Ep. 68 | Mini-Series On Zoning Options To Utilize Your Property – Rezoning

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On this episode of The Mobile Home Park Lawyer, Ferd discusses rezoning and the ins and outs of grandfathering. Ferd outlines everything you need to know about rezoning and warns us about some potential “gotcha” moments that could be involved.

 

HIGHLIGHTS:

0:00 – Intro
0:54 – Ferd discusses grandfathering
3:56 – Many city regulations are unconstitutional, so you may have a claim for taking or partial taking
6:29 – You can rezone, get a conditional use permit or get a variance
6:48 – Rezoning is changing the zoning and changing the use of your property as Ferd explains some relevant acronyms
8:02 – Ferd explains how downzoning could be a way to develop a mobile home park or you could rezone to a planned unit development district
10:27 – Most cities have a master plan, which is basically a guiding document on zoning
12:27 – Rezoning typically then goes to the city plan commission
13:06 – NIMBYism is the first risk of rezoning
13:52 – Sometimes they do spot zoning
14:15 – There could be a ‘gotcha’ when rezoning
15:55 – Ferd generally doesn’t recommend rezoning

 

FULL TRANSCRIPTION:

Welcome back mobile home park nation. Here again tonight, I’m going to talk about something near and dear to my heart, or at least something that’s been on my plate the last couple of weeks. And that is an extension of a previous discussion on zoning issues.

I’ve covered in some previous episodes, grandfathered status, and sometimes how you have to fight cities on that. Grandfathered status as a refresher is basically legal, non-conforming zoning status, which basically means at the time the park was built, or the time some form of enhancement was made, that the action was legal, you know, meaning you know, you were allowed to have no curbs gutter sidewalks, stormwater detention, you were allowed to have homes 10 feet apart, things like that, or there was no code, or you predate the code, or you predate the city. I am working on a couple of cases right now where the park actually predates the city. So, clearly, we existed before the city code. So we are, in some respects immune or exempt from the city regulations. That’s what grandfathering essentially means. Now, it’s not without some restriction, right. I mean, you could certainly abandon your use, that would be one way to neuter your status of being grandfathered. Another would be to be deemed a nuisance to typically mean the city would, you know, pass some sort of ordinance, typically, they give you some sort of hearing, or opportunity to your, quote, nuisance status.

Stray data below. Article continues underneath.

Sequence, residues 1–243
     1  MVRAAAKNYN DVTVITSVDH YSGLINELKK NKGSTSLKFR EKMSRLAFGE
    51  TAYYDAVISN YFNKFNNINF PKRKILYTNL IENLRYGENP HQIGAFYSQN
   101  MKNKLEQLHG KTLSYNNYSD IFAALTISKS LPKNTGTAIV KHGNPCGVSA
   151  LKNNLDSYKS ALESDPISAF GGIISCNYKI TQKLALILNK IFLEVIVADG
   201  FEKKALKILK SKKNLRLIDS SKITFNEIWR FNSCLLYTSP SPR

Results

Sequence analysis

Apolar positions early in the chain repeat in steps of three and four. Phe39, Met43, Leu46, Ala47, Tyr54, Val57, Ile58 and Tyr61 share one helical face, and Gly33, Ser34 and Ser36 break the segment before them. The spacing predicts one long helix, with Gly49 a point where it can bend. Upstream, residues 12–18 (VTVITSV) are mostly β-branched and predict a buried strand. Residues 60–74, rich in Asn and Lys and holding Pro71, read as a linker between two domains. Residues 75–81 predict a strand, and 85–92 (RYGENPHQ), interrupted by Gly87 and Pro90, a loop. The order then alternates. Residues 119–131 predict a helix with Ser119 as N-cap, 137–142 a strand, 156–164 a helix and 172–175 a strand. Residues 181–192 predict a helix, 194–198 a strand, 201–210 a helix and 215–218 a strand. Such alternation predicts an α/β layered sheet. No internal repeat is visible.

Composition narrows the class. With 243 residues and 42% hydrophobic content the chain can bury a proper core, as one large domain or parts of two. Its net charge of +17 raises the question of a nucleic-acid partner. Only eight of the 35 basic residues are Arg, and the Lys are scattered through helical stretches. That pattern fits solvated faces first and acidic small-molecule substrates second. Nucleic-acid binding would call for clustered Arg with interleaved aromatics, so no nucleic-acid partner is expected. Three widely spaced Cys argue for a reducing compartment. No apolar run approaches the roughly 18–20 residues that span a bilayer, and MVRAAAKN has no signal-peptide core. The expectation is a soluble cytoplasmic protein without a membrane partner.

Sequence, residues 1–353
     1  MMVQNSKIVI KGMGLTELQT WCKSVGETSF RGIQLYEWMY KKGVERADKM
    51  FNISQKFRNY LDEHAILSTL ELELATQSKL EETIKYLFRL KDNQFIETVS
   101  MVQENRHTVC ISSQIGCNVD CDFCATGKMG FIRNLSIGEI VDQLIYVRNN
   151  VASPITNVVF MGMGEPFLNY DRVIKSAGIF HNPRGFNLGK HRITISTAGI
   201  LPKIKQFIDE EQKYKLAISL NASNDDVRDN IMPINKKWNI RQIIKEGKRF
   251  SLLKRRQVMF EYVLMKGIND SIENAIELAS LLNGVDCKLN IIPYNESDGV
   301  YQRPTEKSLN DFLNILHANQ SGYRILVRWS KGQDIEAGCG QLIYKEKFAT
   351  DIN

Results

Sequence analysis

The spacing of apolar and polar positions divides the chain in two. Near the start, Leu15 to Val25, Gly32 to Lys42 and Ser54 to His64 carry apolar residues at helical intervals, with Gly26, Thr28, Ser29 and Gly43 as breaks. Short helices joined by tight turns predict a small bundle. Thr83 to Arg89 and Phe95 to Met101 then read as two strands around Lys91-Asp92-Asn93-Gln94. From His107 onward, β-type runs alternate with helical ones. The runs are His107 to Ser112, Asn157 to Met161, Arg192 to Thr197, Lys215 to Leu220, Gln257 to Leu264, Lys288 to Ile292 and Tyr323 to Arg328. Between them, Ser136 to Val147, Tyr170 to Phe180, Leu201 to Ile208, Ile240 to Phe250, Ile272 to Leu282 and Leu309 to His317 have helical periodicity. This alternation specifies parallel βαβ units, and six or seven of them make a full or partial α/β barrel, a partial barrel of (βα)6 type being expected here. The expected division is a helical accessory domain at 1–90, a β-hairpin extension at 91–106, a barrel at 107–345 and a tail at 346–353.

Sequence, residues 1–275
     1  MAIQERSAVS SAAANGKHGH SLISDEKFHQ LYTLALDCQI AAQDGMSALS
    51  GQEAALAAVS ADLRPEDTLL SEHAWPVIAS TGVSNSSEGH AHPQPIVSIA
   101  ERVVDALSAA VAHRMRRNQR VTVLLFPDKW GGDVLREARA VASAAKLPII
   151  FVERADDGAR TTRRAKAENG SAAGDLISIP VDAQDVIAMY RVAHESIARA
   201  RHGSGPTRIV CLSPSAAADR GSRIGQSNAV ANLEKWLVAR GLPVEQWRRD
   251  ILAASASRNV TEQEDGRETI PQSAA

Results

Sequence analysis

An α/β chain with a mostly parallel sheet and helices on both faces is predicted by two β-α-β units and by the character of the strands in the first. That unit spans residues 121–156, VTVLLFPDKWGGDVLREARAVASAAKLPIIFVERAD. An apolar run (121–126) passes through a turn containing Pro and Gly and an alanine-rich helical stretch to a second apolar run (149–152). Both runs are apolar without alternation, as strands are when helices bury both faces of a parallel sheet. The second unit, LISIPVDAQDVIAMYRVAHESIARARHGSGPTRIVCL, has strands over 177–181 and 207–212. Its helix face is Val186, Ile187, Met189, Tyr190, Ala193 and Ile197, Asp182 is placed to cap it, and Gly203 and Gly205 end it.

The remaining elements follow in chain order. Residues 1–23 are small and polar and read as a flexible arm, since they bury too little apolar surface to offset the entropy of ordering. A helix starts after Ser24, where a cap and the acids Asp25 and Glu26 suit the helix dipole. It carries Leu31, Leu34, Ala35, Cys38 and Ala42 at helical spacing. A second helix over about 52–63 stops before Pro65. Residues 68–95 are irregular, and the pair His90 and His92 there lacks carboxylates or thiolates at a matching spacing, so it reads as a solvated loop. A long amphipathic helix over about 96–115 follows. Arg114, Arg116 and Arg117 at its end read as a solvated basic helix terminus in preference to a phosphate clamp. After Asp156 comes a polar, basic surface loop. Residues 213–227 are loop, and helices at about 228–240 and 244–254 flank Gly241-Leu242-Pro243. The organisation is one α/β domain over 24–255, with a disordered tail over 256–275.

Another way to lose your grandfather status be voluntarily, I’ll cover some of that today, like, for example, voluntarily rezoning the property. Those are probably the big three ways. And then another legitimate restriction that government can place on your property and on your property, rights would be to protect public wealth, health, safety, welfare, which basically, in mobile home park world means the fire code. I was looking at a park the other day in Iowa, and their homes you could literally walk from rooftop to rooftop in this park. They were so dense, they backed up, there weren’t six inches between them. So it would have been a great park to buy, it is in a great location in the Des Moines market. Except, it’s clear that those are not going to pass fire codes. So they’re grandfathered in, which means the city of Des Moines cannot force you to take those homes down. But what it means is if one home burns down, or if one home burns down, they are probably all burndowns, they are so close. But if one home burns down or moves out or just falls into such disrepair that it’s worth demolishing. It’s infeasible to bring a new home into that park, because they’re going to have internal setbacks, the new internal setbacks, despite not previously applying, because of the grandfathered status, they’re going to apply now because it’s clear that there’s a public safety issue or concern with having home six inches apart. Most states have a 10 to 15-foot fire code. I wouldn’t recommend putting homes any closer than that. But that’s what I use kind of my example here today because that’s when I’ve dealt with a couple of cases lately is internal setbacks. There’s also perimeter setbacks, there’s often zoning restrictions on the age of homes can be brought in, the size of homes can be brought in, can you bring homes in at all, etc. And a lot of those city regulations and co provisions are unconstitutional because they don’t have a rational basis to restrict. Restrict your property rights or limit your property rights. So you might have a claim for a taking or a partial taking, which depending on how you shake it up, it could be discriminatory. And it could potentially even lead to legal fees under the Civil Rights Act. That’s more rare, but I’ve seen it happen.

So anyway, if you run the zoning problem like that, you really have only a few options. And I’m going to cover that today. I’m going to cover that, you know, I probably break this up here. I’m kind of spitballing this but as I’ll probably break this up into numerous episodes, depending on how long we go. But I’ve been diving into small case law, which is frankly kind of boring, but it’s important. My old boss Mike White was a kind of a zoning real estate Titan. He’s still living and practicing. But he wrote the book, Missouri land use law and Missouri economic development law.

When I practice with him, I helped him edit that book and kind of the, I certainly couldn’t have written it like he did, but I was at least in the middle of it to some degree. So I pulled it out there it’s like 3000 pages. It’s a treatise, it’s a beast of a document, can’t even be bound. It’s so big, I got two four-inch binders. Anyway, it’s filled with gold. And there’s lots of information on zoning. So when faced with a dilemma like this, and I’ve had couple of parks we’ve looked at recently that had dilemmas like this, I want to look at the case law. And I want to see if my rights are. In general, I say, if I’m legal conforming, it’s pretty easy, right. You’re zoned legally, that would happen on like new construction or on something that’s been either master zoned by the city or individually zoned by a property owner, you know, previous to me, that’d be legal conforming, and then the, you know, the second option is legal, non-conforming, ie grandfathered, that’s the one that gets most attention, and for good reason. And then the third option is there’s illegal, meaning not legal, never legal, never permitted. And you shouldn’t really mess with those. That’s pretty risky.